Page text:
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Numbers game tells the story of first month

Good, bad or ugly, they don't lie, but they could change quickly @castrovince
April statistics are fleeting and fluky, and therefore quite fun. We know well enough not to pay too much attention to them, and yet we still can't help ourselves.

And so, with April in the books and the season just starting to find its footing, here are some of the more absurd, instructive or just plain interesting numbers from the first month:

.389: Derek Jeter's batting average, including four home runs (after hitting six all of last year) and 12 multihit games. He's partying like it's 1999.

247: Number of players (and counting) who have hit a home run before Albert Pujols.

.181, .313: Batting average and slugging percentage for Jose Bautista. So Pujols has some company in the Slow Starting Superstar Society.

8: Number of home runs by Blue Jays third baseman Edwin Encarnacion. Bautista has three. Raise your hand if you saw that coming.

9: Number of games by which the Angels trail the Rangers in the AL West. No team in the division-play era has overcome such an end-of-April deficit to finish first.

8: Number of scoreless starts by Nationals starters. Washington became the first team in the modern era to get eight such starts in the first 21 games of a season.

4: Home runs allowed by Nats starters.

10: Home runs allowed by the Angels' Ervin Santana.

12: Home runs hit by Matt Kemp.

9: Home runs hit by the Chicago Cubs.

29: Runs created by Josh Hamilton, the best player in baseball not named Matt Kemp.

5.39: Runs per game for the Rangers.

5.68: Combined runs per game for the A's (3.04) and Pirates (2.64).

2: Days that elapsed between Cliff Lee's 10 shutout innings against the Giants and the announcement that he was going on the disabled list.

47: Extra-base hits by Phillies batters, the fewest in the Majors.

3: Number of players among the Majors' top 10 in OPS who are 35 or older -- Jeter (1.012), David Ortiz (1.184) and Paul Konerko (1.123).

.231/.368/.513: The very Adam Dunn-ian numbers posted by Adam Dunn. Looks like he's back to his old self.

5.2, 25.0: Home run and strikeout percentages for Yoenis Cespedes, who appears to have a little Adam Dunn in him.

1.89: Combined ERA by the White Sox's Jake Peavy and the Mets' Johan Santana. Shoulder concerns? What shoulder concerns?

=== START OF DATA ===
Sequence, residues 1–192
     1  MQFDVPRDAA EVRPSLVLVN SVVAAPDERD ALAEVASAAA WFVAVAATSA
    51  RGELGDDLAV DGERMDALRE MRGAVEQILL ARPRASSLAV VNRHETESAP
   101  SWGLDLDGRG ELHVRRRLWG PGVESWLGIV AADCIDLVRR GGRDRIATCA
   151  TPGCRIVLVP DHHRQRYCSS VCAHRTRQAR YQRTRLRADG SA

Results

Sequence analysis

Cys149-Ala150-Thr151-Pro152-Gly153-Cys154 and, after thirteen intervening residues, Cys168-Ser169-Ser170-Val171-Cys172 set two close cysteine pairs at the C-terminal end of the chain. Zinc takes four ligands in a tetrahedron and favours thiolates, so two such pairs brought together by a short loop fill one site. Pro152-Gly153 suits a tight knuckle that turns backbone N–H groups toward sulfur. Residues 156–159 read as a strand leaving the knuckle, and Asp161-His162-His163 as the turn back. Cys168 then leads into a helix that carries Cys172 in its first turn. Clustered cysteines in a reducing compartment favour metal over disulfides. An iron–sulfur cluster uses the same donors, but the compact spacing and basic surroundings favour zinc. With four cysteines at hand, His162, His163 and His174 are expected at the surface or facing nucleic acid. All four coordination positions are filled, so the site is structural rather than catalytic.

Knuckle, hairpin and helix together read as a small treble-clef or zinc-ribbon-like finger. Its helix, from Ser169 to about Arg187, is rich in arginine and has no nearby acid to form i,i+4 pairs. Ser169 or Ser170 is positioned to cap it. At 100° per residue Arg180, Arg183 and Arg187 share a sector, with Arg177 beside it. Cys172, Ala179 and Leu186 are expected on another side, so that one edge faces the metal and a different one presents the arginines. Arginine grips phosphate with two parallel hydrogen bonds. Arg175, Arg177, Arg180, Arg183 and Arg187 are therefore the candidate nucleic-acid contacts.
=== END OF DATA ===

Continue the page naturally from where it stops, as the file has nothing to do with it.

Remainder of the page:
10.9: Strikeouts per nine innings for Santana, who struck out 7.4 per nine in the first three years of his Mets career.

5.7: Number of infield shifts per game by the Tampa Bay Rays, who led the Majors with 1.3 shifts per game last season.

0: Number of AL Central clubs with a winning record at home.

5: Games won by the Orioles when trailing after seven innings. It took them all of 2011 to record that same total.

1.97: Walks per nine innings allowed by Cardinals pitchers, the best such rate in baseball.

4-0, 1.33: Record and ERA by Lance Lynn, who is only in the Cards rotation because of the Chris Carpenter injury.

12: Consecutive games lost by the Royals within their first 17 games of the season.

1: Number of shutouts, in 149 career Major and Minor League starts, tossed by Phil Humber before he threw a perfect game against the Mariners on April 21.

.951: OPS by 5-foot-5 second baseman Jose Altuve, a little man who is coming up big for the Astros.

2.70: Walks and hits allowed per inning by Marlins closer Heath Bell.

5.87: ERA by Red Sox relievers. And that's accounting for the 1.06 ERA they posted last week.

0.53: Indians designated hitter Travis Hafner's strikeout-to-walk ratio, the best in baseball. His career mark, entering this season? 1.59.

2.6: Strikeouts per nine by Indians veteran Derek Lowe. And yet he's 4-1 with a 2.27 ERA.

0: Number of players who had hit three home runs in a game at Petco Park, before Brewers slugger Ryan Braun did it Monday night.

0.90: ERA by the D-backs' Joe Saunders, best among all qualifying starters. It helps that only 21.4 percent of the balls put in play against him have gone for hits.

8.69: ERA by the Boston's Clay Buchholz, worst among qualifying starters. It doesn't help that 13.7 percent of the fly balls he's allowed have cleared the wall.

11: Doubles by the Red Sox's Ryan Sweeney, matching his 2011 output for the A's.

7.13: Combined ERA by Max Scherzer and Rick Porcello, a big reason the Tigers are off to a pedestrian start.

1.05: ERA of Brandon Beachy, a big reason the Braves are off to a strong start.

17: Strikeouts logged by Braves lefty Jonny Venters in just 8 2/3 innings.

18: Strikeouts logged by Reds reliever Aroldis Chapman before he issued his first walk.

20.4: Percentage of Joey Votto plate appearances that have resulted in a walk.

Plus-56: Run differential for the Rangers, best in baseball.

Minus-37: Run differential for the Twins, worst in baseball.

Minus-20: Run differential for the Mets. And yet they're 13-10.

49 years, 151 days: Exact age of Jamie Moyer when he became the oldest pitcher ever to record a victory in the big leagues on April 17.

19 years, 195 days: Exact age of Bryce Harper when he made his Major League debut against the Dodgers on April 28.

.293: On-base percentage by Jose Reyes, who entered the year with a career .341 OBP.

.444: Slugging percentage by Prince Fielder, who entered the year with a career .540 SLG.

.274: OBP by Chone Figgins, who replaced Ichiro in the Mariners' leadoff spot.

.494: OBP by David Wright. Not a bad start to a contract year.

1.016: OPS by Buster Posey. Not a bad return to form.

28: Errors committed by the Padres ... in just 24 games.

86: Percentage of the season still left to be played, offering opportunity to render much of the above moot.

Anthony Castrovince is a reporter for Read his columns and his blog, CastroTurf, and follow him on Twitter at @Castrovince.